Nicole Henry “Gets It”


Nicole Henry “gets” the music of the 70s: the salad of rock, blues, jazz fusion and soul influenced songs performed with rhythm and at-ti-tude we called groove. Her powerful vocals growl, slide and churn their way through a lively evening’s worth of style-centric entertainment. Henry “gets” funky. She struts, dips, bumps, shakes a shoulder and shimmies. Her arms and hands communicate. You can practically see the music coursing through her. Constant movement is declaratory and sexual. She’s got it goin’ on.

“Neither One of Us” wants to be the first to say goodbye (Jim Weatherly) is soulfully phrased to wrench every bit of expression out of the lyrics. Henry makes it an exorcism. Bob Marley’s “Waiting in Vain” almost becomes a chant. Breathy lines are repeated; pauses are filled with imagining. The song tip-toes out, head hung with fatalism and loss. A third in this vein, and to my mind the best, is “Love Doesn’t Live Here Anymore” (Miles Gregory). Though the arrangement borders on cha cha, Henry manages to convey deeply painful reflection. There’s a nuanced sob in her voice. A skilled jazz interpreter, she can tie a note in a knot.

Elton John and Bernie Taupin’s “Sorry Seems to Be the Hardest Word,” accompanied by only evocative piano is a stand out. Henry’s mournful plea gets right to the heart of things. It’s utterly believable. Tremolos are controlled and gloriously smooth. In a one-two punch, this is followed by a rendition of the gospel “They Won’t Go When I Go” (Stevie Wonder.) like listening to a kite catch a strong wind. The artist’s voice soars, dips and tears. Her exhilaration is infectious.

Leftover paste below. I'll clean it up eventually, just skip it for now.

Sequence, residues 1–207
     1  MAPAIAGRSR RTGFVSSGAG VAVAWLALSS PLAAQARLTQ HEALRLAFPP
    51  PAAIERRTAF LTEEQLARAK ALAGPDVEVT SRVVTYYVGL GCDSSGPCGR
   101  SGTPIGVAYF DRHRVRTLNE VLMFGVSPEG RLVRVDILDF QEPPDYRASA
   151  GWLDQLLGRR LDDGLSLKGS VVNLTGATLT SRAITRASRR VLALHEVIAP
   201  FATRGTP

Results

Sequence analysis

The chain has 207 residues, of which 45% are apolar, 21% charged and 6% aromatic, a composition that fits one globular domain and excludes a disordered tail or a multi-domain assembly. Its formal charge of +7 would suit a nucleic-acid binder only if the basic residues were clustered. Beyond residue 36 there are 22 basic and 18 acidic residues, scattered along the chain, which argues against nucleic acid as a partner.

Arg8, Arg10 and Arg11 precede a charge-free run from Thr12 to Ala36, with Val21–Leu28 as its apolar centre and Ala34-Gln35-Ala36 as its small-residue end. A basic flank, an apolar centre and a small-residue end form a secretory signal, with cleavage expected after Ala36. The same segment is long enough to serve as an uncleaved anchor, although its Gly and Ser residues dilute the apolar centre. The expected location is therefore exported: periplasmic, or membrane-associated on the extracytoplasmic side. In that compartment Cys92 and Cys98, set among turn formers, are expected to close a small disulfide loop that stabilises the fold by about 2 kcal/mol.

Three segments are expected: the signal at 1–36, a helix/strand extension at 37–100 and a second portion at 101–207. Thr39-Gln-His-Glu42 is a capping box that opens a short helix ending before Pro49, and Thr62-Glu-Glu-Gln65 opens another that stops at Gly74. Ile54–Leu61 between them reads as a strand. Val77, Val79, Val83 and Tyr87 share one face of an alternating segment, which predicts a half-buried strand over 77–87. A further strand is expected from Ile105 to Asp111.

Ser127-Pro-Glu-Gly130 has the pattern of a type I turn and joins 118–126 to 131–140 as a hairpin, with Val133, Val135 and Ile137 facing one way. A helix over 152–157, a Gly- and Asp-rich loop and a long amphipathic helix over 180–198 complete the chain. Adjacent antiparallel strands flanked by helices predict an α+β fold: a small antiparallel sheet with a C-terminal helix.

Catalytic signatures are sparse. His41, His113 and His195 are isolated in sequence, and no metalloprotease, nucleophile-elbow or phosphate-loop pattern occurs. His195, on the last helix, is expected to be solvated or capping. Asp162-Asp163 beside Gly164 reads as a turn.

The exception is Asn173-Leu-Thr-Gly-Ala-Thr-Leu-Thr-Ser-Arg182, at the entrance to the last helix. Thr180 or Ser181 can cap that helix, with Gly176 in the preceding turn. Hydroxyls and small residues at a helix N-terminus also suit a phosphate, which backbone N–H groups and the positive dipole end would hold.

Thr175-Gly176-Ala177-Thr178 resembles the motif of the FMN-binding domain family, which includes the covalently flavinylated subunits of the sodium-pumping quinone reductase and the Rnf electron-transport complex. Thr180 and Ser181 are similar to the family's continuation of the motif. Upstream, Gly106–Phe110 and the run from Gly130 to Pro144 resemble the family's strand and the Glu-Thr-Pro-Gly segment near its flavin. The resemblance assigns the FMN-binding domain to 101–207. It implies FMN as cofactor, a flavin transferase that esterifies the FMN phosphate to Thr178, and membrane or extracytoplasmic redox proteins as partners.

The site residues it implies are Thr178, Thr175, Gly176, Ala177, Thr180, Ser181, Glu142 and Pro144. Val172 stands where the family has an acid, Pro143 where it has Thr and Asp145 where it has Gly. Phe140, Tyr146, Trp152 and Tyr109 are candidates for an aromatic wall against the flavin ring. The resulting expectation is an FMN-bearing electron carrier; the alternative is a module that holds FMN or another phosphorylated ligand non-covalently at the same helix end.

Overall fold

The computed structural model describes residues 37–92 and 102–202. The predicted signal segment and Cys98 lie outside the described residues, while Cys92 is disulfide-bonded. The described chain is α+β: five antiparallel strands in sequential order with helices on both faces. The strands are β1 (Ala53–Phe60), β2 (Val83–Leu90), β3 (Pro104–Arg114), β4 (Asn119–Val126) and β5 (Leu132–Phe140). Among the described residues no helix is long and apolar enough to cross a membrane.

Less successful are iconic songs by Joni Mitchell and James Taylor, both of which suffer from too much texture, and lengthy, distracting instrumentals. Patter is minimal and feels offhanded, neither personal enough nor anecdotally interesting. As the rest of the act is extremely polished, I find the omission curious.

Photo by Dmitry Loshagin

“So Good, So Right”
Nicole Henry – Vocals
Kevin Hayes-Piano
Adam Rogers-Guitar
Vincente Archer-Bass
Clarence Penn- Drums
Feinstein’s at Loews Regency
540 Park Avenue at 61st Street
Through May 12, 2012

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